between two enemiesThe term enemy is derived from Latin for "bad friend" (Latin: inimicus).[3] "Enemy" is a strong word, and "emotions associated with the enemy would include anger, hatred, frustration, envy, jealousy, fear, distrust, and possibly grudging respect".[2] As a political concept, an enemy is likely to be met with hate, violence, battle and war
[...More...]

"Enemy Alien" on:
Wikipedia
Google
Yahoo

picture info

Isle Of Man
The Isle of Man
Isle of Man
(Manx: Ellan Vannin [ˈɛlʲən ˈvanɪn]), also known simply as Mann (/mæn/; Manx: Mannin [ˈmanɪn]), is a self-governing British Crown dependency in the Irish Sea
Irish Sea
between the islands of Great Britain and Ireland. The head of state is Queen Elizabeth II, who holds the title of Lord of Mann
Lord of Mann
and is represented by a Lieutenant Governor. Defence is the responsibility of the United Kingdom. Ranked by the World Bank
World Bank
as the 5th richest nation in the world by GDP per capita,[6] the largest sectors are insurance and eGaming with 17% of GNP each, followed by ICT and banking with 9% each.[7] The island has been inhabited since before 6500 BC. Gaelic cultural influence began in the 5th century and the Manx language, a branch of the Gaelic languages, emerged
[...More...]

"Isle Of Man" on:
Wikipedia
Google
Yahoo

picture info

Edward R. Murrow
Edward R. Murrow
Edward R. Murrow
KBE (born Egbert Roscoe Murrow;[1] April 25, 1908 – April 27, 1965) was an American broadcast journalist and war correspondent. He first gained prominence during World War II
World War II
with a series of live radio broadcasts from Europe for the news division of the Columbia Broadcasting System (CBS). During the war he recruited and worked closely with a team of war correspondents who came to be known as the Murrow Boys. A pioneer of radio and television news broadcasting, Murrow produced a series of reports on his television program See It Now which helped lead to the censure of Senator Joseph McCarthy
[...More...]

"Edward R. Murrow" on:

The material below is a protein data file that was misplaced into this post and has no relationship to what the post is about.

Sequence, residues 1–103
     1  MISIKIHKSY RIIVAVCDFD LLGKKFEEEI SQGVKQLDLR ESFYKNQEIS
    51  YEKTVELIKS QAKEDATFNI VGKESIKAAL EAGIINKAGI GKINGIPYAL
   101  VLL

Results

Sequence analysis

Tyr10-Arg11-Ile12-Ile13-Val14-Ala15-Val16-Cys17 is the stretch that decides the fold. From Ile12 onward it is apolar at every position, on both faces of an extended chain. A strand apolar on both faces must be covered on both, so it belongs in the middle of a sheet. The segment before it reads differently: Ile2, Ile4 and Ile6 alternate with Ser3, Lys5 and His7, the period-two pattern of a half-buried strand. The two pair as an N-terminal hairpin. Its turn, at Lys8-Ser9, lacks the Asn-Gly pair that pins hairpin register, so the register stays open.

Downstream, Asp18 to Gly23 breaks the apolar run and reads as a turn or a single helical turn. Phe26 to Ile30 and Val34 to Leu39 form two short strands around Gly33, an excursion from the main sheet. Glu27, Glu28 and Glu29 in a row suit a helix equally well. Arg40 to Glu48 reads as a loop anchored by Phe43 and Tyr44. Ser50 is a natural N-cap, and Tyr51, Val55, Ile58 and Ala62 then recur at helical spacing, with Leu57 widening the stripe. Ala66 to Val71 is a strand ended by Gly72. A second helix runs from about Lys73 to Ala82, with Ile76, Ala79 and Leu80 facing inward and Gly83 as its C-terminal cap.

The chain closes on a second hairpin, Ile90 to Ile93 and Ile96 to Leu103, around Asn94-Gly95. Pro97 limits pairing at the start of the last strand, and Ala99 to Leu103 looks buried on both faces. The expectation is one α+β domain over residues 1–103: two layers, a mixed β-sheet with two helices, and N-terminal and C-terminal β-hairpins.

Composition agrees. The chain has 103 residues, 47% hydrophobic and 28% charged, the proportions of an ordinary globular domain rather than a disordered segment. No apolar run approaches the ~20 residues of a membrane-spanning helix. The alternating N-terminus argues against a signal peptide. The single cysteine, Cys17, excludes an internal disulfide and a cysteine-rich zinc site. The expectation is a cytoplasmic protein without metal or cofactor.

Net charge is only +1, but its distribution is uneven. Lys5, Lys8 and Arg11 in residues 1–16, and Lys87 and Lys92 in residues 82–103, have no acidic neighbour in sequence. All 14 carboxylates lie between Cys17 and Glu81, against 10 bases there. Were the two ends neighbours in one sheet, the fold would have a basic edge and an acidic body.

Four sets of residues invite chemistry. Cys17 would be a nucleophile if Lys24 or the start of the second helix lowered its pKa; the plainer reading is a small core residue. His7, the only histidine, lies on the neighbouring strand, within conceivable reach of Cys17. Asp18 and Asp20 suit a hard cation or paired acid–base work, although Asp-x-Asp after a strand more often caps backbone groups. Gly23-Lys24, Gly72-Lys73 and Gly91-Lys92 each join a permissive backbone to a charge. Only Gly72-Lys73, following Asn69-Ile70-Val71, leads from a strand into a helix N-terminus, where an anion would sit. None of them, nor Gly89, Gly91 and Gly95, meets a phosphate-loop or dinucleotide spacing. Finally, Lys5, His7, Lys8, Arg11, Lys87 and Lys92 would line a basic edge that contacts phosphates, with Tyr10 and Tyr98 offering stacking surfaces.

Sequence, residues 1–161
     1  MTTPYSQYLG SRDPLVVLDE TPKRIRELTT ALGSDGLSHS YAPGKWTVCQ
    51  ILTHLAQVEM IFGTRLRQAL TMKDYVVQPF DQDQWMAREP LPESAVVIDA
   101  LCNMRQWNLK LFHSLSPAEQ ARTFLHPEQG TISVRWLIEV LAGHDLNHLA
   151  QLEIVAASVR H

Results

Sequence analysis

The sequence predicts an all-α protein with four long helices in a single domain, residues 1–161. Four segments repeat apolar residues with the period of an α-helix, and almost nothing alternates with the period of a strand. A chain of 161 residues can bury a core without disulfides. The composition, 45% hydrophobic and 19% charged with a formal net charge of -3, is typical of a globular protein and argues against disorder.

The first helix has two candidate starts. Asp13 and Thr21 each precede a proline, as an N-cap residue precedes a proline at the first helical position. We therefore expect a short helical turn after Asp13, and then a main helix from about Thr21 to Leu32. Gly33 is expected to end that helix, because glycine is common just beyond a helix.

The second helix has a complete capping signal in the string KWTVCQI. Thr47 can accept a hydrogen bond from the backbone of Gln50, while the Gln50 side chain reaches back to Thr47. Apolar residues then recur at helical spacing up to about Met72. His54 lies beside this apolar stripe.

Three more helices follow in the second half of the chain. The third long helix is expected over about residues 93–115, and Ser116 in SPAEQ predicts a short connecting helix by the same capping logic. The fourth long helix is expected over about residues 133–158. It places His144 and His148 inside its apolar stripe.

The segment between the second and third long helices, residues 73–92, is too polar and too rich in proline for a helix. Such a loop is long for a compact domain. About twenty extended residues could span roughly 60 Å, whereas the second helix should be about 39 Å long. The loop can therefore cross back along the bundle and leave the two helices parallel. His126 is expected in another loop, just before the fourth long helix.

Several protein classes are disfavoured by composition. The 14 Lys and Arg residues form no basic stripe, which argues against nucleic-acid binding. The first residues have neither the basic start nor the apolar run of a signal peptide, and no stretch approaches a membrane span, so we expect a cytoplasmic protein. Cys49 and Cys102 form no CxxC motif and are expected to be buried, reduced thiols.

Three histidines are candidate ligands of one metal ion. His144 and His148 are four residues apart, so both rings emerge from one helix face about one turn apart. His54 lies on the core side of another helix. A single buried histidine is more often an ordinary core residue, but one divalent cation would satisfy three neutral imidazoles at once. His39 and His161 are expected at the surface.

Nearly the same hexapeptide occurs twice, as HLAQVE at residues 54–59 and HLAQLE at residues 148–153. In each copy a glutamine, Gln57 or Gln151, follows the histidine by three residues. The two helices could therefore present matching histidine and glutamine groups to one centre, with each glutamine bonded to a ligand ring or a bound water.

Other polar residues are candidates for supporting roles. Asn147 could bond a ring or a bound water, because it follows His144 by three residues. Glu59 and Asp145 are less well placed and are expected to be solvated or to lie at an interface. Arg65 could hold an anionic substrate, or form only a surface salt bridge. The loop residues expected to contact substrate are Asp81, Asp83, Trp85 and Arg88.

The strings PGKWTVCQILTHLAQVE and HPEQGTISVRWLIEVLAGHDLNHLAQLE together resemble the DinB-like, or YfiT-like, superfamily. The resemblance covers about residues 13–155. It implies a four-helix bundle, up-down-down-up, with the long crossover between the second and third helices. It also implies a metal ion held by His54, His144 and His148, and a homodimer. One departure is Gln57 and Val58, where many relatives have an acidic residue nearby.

Wikipedia
Google
Yahoo

picture info

The Blitz
The Blitz
The Blitz
was a German bombing offensive against Britain in 1940 and 1941, during the Second World War
[...More...]

"The Blitz" on:
Wikipedia
Google
Yahoo

Mass Communications
Mass communication is the study of how people exchange information through mass media to large segments of the population at the same time. In other words, mass communication refers to the imparting and exchanging of information on a large scale to a wide range of people. It is usually understood to relate newspaper, magazine, and book publishing, as well as radio, television and film, even via internet as these mediums are used for disseminating information, news and advertising. Mass communication differs from the studies of other forms of communication, such as interpersonal communication or organizational communication, in that it focuses on a single source transmitting information to a large number of receivers
[...More...]

"Mass Communications" on:
Wikipedia
Google
Yahoo

Political Science
Political science is a social science which deals with systems of governance, and the analysis of political activities, political thoughts and political behavior.[1] It deals extensively with the theory and practice of politics which is commonly thought of as determining of the distribution of power and resources. Political scientists "see themselves engaged in revealing the relationships underlying political events and conditions, and from these revelations they attempt to construct general principles about the way the world of politics works."[2] Political science comprises numerous subfields, including comparative politics, political economy, international relations, political theory, public administration, public policy, and political methodology
[...More...]

"Political Science" on:
Wikipedia
Google
Yahoo

picture info

Copyboy